6 super changes for FY2018/2019

New rules affecting super and tax offer fresh opportunities to consider this financial year 

1.     Buying your first home?

From 1 July this year, eligible first home buyers can withdraw voluntary contributions made after 1 July 2017 to their superannuation fund to purchase a first home under the First Home Super Saver Scheme (FHSSS). The FHSSS allows eligible first home buyers to save their deposit in the concessionally taxed super environment.
 

2.     Selling your home?

Eligible super members can make super contributions of up to $300,000 per person from the sale of their home after 1 July this year, if they are aged 65 or over and meet other conditions. These contributions don’t count towards the concessional and non-concessional contribution caps and can be made even if the member doesn’t meet the usual age, work and other contribution tests.
 

3.     Eligible for a tax cut?

The tax cuts announced in this year’s Federal Budget have been legislated. The first tranche took effect on 1 July this year, providing savings of up to $530 – see table below. There are a number of things that could be done with the extra cash, such as paying off debt and making extra super contributions (see opportunity 4).

Taxable income Tax paid in 2017/18 Tax savings in 2018/191   
$40,000 $4,947 $290

$80,000

$19,147

$530

$120,000

$34,432

$215

$160,000

$50,032

$135

$200,000

$67,232

$135

  1. Source: Budget 2018-19 fact sheet, ‘Lower, fairer and simpler taxes’ The tax liability and reduction in tax is calculated taking into account the basic tax scales, low income tax offset, low and middle income tax offset and the Medicare levy (at 2 per cent with the change to the Medicare levy low income thresholds).
     

4.     Want a super deduction?

From 1 July 2017, most people (including employees for the first time) are eligible to claim personal super contributions as a tax deduction. This could reduce taxable income and give super savings a much needed boost.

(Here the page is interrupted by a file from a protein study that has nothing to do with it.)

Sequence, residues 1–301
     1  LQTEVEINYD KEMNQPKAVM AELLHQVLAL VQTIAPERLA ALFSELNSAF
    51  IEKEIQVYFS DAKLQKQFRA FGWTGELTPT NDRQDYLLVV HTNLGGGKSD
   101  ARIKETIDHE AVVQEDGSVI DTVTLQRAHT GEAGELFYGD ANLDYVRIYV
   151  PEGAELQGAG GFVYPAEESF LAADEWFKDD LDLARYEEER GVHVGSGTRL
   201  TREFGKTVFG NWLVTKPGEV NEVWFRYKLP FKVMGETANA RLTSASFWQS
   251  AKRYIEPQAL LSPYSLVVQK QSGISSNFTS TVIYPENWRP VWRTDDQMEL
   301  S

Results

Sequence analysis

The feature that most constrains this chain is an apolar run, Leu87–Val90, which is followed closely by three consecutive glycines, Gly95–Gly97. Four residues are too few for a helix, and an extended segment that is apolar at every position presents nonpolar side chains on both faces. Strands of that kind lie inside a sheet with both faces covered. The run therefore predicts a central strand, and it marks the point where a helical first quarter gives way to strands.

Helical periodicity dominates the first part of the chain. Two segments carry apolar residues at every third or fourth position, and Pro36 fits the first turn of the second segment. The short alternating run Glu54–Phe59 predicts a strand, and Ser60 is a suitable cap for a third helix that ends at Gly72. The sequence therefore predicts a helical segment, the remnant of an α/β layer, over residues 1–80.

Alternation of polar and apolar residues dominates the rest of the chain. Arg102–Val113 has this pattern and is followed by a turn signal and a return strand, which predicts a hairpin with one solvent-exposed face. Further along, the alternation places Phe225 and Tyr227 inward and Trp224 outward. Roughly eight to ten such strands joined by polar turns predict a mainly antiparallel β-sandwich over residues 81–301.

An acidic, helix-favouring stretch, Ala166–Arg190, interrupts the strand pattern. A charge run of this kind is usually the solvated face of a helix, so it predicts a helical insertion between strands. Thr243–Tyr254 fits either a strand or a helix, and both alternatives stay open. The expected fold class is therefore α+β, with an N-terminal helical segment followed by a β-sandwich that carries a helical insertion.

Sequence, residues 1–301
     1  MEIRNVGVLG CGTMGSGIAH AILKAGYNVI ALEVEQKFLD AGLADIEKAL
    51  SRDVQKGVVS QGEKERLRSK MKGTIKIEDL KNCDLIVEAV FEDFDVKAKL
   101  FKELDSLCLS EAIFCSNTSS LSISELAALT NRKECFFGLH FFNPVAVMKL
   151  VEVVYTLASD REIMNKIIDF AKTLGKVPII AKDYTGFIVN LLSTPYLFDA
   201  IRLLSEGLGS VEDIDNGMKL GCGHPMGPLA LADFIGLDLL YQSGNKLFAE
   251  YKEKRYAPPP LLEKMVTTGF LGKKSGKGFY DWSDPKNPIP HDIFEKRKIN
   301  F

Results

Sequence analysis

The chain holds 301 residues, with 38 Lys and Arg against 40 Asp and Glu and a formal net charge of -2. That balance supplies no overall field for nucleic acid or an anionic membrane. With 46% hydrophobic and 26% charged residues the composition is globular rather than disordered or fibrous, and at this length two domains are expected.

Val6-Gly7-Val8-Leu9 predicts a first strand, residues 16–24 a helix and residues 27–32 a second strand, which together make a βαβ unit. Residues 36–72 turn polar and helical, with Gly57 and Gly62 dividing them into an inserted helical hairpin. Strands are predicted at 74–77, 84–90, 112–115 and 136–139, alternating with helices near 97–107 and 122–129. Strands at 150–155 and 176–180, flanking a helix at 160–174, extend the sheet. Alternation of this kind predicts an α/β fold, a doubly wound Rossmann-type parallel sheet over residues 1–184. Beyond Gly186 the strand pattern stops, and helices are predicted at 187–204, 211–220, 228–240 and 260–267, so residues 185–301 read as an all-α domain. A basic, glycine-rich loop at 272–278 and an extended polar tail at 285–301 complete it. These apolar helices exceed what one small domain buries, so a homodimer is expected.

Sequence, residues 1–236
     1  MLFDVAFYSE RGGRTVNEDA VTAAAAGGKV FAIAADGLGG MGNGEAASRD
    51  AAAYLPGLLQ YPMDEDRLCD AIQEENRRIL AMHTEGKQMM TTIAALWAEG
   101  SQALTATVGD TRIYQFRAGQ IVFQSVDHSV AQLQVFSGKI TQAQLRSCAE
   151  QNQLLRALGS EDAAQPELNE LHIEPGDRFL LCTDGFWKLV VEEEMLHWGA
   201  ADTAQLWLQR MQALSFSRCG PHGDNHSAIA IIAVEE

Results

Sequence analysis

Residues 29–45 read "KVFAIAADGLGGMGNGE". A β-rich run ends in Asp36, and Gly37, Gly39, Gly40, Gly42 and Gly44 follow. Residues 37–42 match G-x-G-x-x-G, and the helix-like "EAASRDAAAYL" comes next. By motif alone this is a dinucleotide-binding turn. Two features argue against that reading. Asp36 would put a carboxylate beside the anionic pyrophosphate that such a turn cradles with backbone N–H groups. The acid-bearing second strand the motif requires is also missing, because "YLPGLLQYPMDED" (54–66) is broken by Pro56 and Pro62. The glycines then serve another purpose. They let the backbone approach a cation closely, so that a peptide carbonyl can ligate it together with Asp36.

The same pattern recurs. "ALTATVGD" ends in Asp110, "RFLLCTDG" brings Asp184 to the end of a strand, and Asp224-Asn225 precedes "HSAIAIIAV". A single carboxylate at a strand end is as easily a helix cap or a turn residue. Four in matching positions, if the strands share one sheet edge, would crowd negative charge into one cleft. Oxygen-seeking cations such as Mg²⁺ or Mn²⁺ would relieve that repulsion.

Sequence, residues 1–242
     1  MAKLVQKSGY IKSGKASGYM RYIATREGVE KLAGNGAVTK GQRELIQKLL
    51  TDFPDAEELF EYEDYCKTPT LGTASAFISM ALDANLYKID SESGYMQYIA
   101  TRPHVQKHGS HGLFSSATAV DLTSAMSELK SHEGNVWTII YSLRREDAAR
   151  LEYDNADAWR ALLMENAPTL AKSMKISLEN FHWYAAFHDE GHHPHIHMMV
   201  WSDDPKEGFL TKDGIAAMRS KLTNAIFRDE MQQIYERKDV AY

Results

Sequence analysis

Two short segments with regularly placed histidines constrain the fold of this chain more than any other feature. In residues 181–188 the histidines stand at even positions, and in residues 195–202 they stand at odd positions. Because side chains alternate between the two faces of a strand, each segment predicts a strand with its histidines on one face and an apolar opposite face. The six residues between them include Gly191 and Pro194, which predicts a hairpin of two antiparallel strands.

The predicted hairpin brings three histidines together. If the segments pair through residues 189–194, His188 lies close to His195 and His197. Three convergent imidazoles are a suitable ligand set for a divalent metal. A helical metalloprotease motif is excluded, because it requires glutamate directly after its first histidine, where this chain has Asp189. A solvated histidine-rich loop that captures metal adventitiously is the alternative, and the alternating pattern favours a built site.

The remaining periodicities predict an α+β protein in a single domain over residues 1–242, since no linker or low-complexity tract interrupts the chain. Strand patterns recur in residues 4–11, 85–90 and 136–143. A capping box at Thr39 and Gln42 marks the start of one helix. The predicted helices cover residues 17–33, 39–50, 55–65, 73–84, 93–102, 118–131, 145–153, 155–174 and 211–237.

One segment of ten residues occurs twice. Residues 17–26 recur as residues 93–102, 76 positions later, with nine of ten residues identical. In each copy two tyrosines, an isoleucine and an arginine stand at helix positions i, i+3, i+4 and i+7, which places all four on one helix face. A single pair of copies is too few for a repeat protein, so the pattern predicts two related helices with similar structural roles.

5.     Not likely to max out your super cap?

If super members make concessional (pre-tax) super contributions of less than the cap of $25,000 in 2018/19, they may be able to carry forward unused cap amounts, for use in a future financial year. This is worth keeping in mind – particularly for members who take time off work or work part-time. It means members may be able to make ‘catch-up’ concessional contributions from 1 July 2019, if their cashflow allows. Concessional contributions include all employer contributions (super guarantee and salary sacrifice), personal contributions claimed as a tax deduction and certain other amounts.
 

6.     Have an SMSF?

From 1 July this year, if a pension is started or is running in an SMSF, certain events may need to be reported to the ATO using the ‘Transfer Balance Account Reporting’. Also, while not yet in effect, if a new limited recourse borrowing arrangement (LRBA) is started in an SMSF, there is a potential law change that would make the outstanding balance of a relevant LRBA count towards the members’ ‘total super balance’.

 

Important information and disclaimer
This information is provided by NULIS Nominees (Australia) Limited ABN 80 008 515 633 AFSL 236465, a member of the National Australia Bank Limited (ABN 12 004 044 937 AFSL 230686) group of companies. An investment with NULIS does not represent a deposit or liability of, and is not guaranteed by, the NAB Group. The information in this communication may constitute general advice. It has been prepared without taking account of individual objectives, financial situation or needs and because of that you should, before acting on the advice, consider the appropriateness of the advice having regard to your personal objectives, financial situation and needs. NULIS believes that the information contained in this communication is correct and that any estimates, opinions, conclusions or recommendations are reasonably held or made as at the time of compilation. However, no warranty is made as to the accuracy or reliability of this information (which may change without notice). Past performance is not a reliable indicator of future performance. This information is current as September 2018 and may be subject to change, for example should there be a change of legislation or economic conditions.

Tax disclaimer
Any general tax information on this website is intended as a guide only and is based on our general understanding of taxation laws. It is not intended to be a substitute for specialised taxation advice or an assessment of your liabilities, obligations or claim entitlements that arise, or could arise, under taxation law, and we recommend you consult with a registered tax agent.